"There's a difference there of course, we walk through the greenhouses here every day," replies Marvin. "You can't always judge from your office whether the solutions you come up with are practical. As long as you realize that and we then have the space to give feedback from our practical experience, it's a nice interaction."

New Opportunities
Marvin continues: "The amount of data is only getting bigger and bigger. With the data at batch level in order, the possibilities will soon be endless. You can make cost calculations, you can make a dashboard for each function within the company, we are currently looking at a combination with scouting data... I see a lot of possibilities. I would also like to include customer reviews, then you really have data across the entire chain."
"In addition to the cultivation data, we are in the process of mapping out the costs of labor, energy, transport and materials so that there is also an overview there, at the push of a button," Luuk van Geijtenbeek adds. "So the cost price post-calculation piece, where the actual costs, both direct and indirect, can be set against the pre-planned costs."

"The amount of data is only going to get bigger and bigger. With the data in order at the batch level, the possibilities will soon be countless."

Step-by-step implementation
When I ask whether there has been much change in the way employees work, Marvin answers: "We have always been very busy with data-oriented work, but now we have tools that allow us to visualize the data much better. We have been able to take a huge step forward in the linked recording and visualization of data, so that the grower can steer on the basis of data even better. We want to be able to make the expertise and years of experience of our growers visual in the computer." How do you keep an overview during implementation? "Because the possibilities are countless, it's important for an organization to have a good sense of which functionalities have priority," Marvin explains. "One colleague of mine always says: pay attention to the difference between 'need' and 'nice'. I tried to frame it and approach the implementation step-by-step. In the end, the plan has been very well received and employees who can now click through data in an easy way are very excited."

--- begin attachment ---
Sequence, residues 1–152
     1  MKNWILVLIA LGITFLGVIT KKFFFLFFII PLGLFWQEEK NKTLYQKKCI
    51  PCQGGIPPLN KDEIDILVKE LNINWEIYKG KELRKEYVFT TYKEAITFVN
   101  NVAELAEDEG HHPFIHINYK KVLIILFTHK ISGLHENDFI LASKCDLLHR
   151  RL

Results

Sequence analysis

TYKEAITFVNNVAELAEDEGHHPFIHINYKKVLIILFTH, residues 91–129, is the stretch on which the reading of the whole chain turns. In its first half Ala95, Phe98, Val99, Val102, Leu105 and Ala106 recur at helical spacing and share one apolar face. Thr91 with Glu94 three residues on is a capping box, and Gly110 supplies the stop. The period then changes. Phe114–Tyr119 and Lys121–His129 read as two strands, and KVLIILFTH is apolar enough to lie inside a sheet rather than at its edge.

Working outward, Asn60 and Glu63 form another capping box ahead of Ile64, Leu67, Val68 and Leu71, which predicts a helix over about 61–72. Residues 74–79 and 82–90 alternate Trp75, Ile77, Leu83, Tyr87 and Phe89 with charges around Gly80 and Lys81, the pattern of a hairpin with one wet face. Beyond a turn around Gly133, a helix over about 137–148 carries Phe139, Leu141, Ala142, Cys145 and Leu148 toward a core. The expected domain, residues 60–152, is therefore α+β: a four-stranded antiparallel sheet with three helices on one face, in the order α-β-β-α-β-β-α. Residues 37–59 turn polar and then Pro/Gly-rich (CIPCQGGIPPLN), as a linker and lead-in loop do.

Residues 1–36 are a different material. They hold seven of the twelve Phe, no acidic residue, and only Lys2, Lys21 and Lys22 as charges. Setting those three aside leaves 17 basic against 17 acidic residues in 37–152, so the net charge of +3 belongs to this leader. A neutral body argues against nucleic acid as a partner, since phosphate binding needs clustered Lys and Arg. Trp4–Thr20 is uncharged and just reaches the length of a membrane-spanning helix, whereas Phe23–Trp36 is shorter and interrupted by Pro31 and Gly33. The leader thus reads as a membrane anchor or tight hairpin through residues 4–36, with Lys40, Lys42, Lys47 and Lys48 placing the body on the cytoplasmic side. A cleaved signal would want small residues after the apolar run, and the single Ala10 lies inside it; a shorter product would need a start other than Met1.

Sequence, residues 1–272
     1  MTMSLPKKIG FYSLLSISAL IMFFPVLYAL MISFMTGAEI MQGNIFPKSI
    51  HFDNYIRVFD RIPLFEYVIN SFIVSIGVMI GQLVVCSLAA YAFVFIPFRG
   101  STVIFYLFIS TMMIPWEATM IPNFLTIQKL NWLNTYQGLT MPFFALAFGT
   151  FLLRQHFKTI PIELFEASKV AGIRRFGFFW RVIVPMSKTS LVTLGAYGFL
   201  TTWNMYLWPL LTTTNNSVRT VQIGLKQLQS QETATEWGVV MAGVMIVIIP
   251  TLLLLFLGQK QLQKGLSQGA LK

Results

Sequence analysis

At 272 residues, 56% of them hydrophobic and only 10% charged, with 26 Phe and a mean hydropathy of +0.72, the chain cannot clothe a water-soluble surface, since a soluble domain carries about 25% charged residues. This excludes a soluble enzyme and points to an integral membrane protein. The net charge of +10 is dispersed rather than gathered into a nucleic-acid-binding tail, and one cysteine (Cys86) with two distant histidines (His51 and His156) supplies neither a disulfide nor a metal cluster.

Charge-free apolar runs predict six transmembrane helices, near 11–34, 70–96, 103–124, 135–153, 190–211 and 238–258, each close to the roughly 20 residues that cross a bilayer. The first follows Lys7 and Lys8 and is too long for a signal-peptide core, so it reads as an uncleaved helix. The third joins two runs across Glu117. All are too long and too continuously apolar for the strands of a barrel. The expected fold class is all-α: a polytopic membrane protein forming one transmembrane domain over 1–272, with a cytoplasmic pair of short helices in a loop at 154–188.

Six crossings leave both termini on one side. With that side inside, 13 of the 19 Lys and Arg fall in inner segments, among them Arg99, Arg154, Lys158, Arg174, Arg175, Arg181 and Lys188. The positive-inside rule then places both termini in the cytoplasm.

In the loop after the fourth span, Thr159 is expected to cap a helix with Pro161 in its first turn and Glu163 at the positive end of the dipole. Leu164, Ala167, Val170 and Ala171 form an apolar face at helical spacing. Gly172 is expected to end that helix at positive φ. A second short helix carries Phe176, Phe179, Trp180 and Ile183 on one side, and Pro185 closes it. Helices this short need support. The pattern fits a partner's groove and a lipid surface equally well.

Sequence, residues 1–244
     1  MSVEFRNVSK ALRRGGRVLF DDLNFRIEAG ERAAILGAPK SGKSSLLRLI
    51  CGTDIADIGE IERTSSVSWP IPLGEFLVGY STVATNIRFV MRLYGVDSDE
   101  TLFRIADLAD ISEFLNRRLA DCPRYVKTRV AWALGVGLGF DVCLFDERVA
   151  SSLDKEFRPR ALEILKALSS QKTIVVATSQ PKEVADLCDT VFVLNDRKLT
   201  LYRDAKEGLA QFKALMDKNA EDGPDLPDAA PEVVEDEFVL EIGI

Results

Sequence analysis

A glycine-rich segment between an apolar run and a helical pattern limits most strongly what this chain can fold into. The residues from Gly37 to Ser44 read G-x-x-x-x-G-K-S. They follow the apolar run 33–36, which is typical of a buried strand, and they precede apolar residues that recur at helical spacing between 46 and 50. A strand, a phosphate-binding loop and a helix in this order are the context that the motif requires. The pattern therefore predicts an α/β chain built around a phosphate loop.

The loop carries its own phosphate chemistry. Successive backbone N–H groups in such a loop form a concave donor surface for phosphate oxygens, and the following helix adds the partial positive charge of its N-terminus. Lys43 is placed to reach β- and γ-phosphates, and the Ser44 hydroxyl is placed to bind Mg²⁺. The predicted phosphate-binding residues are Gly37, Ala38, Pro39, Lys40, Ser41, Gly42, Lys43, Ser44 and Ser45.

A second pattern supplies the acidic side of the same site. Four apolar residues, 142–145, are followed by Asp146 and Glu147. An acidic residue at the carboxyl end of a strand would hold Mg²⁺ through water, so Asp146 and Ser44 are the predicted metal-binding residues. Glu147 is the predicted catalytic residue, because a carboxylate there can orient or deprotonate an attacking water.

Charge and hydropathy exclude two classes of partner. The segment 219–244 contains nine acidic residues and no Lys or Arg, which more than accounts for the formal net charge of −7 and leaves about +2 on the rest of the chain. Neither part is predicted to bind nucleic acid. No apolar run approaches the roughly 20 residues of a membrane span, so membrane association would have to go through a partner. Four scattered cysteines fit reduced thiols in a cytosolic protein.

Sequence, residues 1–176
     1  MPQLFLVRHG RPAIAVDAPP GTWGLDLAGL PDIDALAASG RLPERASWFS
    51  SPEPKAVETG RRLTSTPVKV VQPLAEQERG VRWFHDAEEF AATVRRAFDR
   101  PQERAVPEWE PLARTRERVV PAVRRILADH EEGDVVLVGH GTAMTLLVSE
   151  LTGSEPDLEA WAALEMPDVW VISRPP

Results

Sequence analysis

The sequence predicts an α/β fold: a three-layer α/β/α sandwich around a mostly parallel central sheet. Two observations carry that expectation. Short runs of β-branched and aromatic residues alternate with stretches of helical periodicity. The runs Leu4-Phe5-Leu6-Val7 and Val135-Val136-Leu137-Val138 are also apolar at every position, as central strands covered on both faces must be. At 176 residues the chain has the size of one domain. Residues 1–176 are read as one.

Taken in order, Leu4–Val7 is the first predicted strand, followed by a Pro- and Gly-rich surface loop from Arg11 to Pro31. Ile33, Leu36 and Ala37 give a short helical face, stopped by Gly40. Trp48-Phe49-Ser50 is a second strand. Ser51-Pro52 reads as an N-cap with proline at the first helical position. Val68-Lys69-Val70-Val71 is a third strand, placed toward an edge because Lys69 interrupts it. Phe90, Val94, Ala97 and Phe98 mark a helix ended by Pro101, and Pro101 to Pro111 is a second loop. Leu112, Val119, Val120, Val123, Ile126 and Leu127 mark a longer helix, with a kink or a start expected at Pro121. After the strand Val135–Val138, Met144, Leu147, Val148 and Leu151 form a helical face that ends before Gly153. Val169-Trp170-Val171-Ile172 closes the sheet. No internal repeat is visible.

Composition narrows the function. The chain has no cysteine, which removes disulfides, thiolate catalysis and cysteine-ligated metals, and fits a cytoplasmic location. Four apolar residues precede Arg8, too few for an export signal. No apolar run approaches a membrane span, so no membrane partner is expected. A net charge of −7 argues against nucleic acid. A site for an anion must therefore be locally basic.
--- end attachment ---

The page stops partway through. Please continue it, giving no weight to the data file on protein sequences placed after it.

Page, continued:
Ready for the future with interconnecting data
Marvin summarizes the story: "Data-oriented work is the future, but for plant breeders, among others, it is a challenge to collect climate data per location, since parties rotate through multiple locations with their different planting phases. This makes data collection and analysis very cumbersome. Now that we have made this link, the 'rotated recipe' is recorded per lot. By now also linking the plant assessments we can gain more insight into what climate parameters do to the plant. In this way we can learn and optimize in an even more data-oriented way."